Schools part ways as Claremont Lincoln seeks accreditation
A well-known Claremont couple is splitting up. On Monday, April 21, the Claremont School of Theology sent out a press release announcing it is ending its relationship with Claremont Lincoln University.
Trustees of the Claremont School of Theology “ask all who care for the seminary to hold both schools in prayer as they move forward on separate paths.”
The release is not a bombshell, according to Rev. Dr. Jeffrey Kuan, the 7th president at Claremont School of Theology. Instead, he says it is simply making public a parting of ways that is already underway.
“The decision for separation actually began with Claremont Lincoln University when they began to seek their own accreditation and to become independent, to be no longer embedded at Claremont School of Theology,” Rev. Dr. Kuan said. “We had no decision over that. It was a Claremont Lincoln University decision.”
Jerry D. Campbell is the 6th president of the Claremont School of Theology and the founding president of Claremont Lincoln University. He says the plan for the school—which has been recognized as a candidate for accreditation by the WASC Senior College and University Commission—has always been for it to become an independent, freestanding institution.
“That’s why it was initially incorporated as a California corporation,” he said.
As in the dissolution of any union, there’s a bit of a he-said, she-said quality to the schools’ estrangement.
CLU’s curriculum has been significantly streamlined in recent months. Originally, the school planned to offer master’s degrees in ethical leadership, interreligious studies, interfaith chaplaincy and interdisciplinary or comparative studies, as well as doctoral programs in practical theory and religion.
CLU now only offers a master’s degree in ethical leadership. Master’s degrees in interfaith action and social impact are said to be in the works, according to the Claremont Lincoln University website.
All other programs are being phased out, though the CLU site notes that some may still be offered through the Claremont School of Theology.
Trustees and administration at Claremont School of Theology maintain that such changes are a sign that Claremont Lincoln University has opted to “move away from its interreligious roots and become a secular-focused university.”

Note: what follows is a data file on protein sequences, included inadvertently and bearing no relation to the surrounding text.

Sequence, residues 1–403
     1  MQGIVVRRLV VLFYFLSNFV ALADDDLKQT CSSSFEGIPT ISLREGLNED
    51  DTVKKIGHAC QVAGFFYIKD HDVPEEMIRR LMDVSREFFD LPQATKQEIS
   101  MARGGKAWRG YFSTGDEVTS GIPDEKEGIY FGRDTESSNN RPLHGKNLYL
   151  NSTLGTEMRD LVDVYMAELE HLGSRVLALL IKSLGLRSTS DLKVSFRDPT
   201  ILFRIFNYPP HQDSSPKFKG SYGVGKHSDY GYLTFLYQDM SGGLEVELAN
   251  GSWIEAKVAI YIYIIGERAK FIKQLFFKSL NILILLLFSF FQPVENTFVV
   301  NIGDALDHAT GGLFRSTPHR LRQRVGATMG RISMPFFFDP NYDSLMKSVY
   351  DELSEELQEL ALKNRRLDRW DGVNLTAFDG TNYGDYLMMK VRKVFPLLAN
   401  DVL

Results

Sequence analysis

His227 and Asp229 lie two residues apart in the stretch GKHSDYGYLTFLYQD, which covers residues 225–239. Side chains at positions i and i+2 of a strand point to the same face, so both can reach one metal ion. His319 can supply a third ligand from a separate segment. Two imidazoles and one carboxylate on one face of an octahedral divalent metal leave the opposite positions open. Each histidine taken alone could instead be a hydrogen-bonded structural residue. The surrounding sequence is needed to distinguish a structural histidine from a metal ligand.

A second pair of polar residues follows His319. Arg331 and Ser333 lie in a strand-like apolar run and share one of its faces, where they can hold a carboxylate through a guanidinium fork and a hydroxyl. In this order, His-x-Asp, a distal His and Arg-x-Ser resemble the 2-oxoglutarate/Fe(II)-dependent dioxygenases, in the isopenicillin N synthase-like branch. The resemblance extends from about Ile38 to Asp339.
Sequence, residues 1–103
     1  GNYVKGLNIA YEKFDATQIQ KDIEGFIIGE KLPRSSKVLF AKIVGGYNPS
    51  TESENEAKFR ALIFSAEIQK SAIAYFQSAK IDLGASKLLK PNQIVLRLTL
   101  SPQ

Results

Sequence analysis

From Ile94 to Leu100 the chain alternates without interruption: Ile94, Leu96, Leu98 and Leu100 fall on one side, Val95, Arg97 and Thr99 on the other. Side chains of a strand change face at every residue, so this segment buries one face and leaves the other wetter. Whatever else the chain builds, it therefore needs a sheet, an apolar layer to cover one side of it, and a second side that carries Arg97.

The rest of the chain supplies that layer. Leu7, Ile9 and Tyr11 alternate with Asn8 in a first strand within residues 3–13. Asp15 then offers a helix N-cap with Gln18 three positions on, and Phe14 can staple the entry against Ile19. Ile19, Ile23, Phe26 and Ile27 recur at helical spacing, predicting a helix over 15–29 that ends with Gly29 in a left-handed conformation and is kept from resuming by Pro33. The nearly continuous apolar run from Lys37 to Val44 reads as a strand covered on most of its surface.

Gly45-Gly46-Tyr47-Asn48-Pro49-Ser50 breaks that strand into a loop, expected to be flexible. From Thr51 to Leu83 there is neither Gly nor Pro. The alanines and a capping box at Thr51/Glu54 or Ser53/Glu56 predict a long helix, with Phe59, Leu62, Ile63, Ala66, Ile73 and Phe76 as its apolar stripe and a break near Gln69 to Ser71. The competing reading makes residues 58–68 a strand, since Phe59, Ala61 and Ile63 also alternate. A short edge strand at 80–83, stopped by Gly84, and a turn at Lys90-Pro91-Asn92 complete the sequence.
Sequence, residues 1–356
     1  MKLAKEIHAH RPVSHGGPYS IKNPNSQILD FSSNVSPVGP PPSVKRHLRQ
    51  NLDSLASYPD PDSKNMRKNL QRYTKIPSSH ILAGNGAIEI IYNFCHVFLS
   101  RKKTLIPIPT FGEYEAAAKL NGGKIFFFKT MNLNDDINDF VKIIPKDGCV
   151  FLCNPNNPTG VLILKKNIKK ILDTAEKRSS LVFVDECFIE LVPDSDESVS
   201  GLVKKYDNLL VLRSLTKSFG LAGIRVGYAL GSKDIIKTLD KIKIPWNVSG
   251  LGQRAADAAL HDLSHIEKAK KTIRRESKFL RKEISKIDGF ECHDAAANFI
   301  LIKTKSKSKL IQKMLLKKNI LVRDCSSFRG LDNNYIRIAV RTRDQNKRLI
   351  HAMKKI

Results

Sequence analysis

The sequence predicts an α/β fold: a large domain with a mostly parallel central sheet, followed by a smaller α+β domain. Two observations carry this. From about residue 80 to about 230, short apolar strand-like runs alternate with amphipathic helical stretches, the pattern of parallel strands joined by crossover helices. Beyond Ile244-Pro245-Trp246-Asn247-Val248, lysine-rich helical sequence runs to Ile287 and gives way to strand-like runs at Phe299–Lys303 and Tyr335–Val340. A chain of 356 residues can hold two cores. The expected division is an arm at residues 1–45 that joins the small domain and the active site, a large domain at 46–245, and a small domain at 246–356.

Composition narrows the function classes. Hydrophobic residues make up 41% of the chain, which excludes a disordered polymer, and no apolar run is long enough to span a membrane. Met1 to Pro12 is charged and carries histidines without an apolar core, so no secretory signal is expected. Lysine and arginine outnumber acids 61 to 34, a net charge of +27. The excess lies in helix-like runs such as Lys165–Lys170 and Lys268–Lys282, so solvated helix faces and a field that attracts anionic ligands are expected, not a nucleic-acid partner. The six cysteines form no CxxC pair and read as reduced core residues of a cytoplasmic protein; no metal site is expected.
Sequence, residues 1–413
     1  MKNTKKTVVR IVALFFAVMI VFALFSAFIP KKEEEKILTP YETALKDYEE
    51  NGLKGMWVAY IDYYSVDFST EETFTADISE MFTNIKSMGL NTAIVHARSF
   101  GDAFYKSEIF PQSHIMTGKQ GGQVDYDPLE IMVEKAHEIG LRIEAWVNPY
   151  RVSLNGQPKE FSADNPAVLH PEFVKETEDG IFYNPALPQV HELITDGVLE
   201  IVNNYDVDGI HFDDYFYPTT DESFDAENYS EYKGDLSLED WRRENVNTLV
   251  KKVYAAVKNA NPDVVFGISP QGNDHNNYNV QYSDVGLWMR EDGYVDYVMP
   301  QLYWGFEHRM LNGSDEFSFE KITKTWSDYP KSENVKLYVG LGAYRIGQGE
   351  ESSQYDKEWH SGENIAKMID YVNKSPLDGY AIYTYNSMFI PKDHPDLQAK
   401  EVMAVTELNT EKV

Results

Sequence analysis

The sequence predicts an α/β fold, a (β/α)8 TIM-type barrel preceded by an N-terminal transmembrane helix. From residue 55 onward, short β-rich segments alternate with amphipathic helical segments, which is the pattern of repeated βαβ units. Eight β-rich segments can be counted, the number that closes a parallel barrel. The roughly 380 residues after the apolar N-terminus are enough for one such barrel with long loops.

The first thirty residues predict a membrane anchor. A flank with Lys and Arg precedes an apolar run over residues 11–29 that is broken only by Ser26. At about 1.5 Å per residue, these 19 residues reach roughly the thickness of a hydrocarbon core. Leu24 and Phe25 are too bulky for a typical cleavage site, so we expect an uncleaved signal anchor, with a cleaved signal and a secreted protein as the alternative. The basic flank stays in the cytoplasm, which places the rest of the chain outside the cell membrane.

Mr. Campbell begs to differ. The term secular is “a slight misunderstanding,” he said. Religion, he emphasizes, is the whole point of a Claremont Lincoln University education.
“We don’t teach Christianity or Judaism or Islam or Jainism or Buddhism,” Mr. Campbell said. “We teach you how to lead across those groups, and how to bring those groups together.”
If a student wants to gain a deeper understanding of a particular faith, or to be ordained as a minister, rabbi, cleric or other religious leader, Mr. Campbell said they are encouraged to do so through one of Claremont Lincoln University’s partners.
Currently, that consortium includes the Claremont School of Theology; the Buddhist University of the West; The Academy for Jewish Religion, California; and Bayan Claremont, an Islamic graduate school being established by the Islamic Center of Southern California with the help of Claremont Lincoln University and under the umbrella of the long-accredited CST. Claremont Lincoln University organizers hope the consortium will expand to include an institution representing Roman Catholicism as well as Protestantism and those dedicated to Sikhism, Jainism and Hinduism.
The Claremont Lincoln University website still lists the Claremont School of Theology as a member of its consortium. The Claremont School of Theology board will meet on May 20 to vote on whether or not they will continue the partnership.
“Claremont Lincoln is very much a consortium-related institution because [the school] itself doesn’t teach a particular religion. That’s what its collaborators teach,” Mr. Campbell said. “If CST chooses not to collaborate in the consortium, we will have to find [a new] Christian partner.”
Dr. John Cobb, emeritus professor in theology at Claremont School of Theology, emphasizes that since he is retired, he is only an observer of the differences that have arisen between the two schools. While he doesn’t think CLU organizers intended to be misleading, he believes the administration and staff at CLU may feel they were sold a bill of goods.
Staff and administration once assumed that the fledgling school would be run like a liberal arts institution, Dr. Cobb said. With the use of adjunct faculty and the preponderance of online instruction, he characterizes Claremont Lincoln as embracing a “corporate model” of education.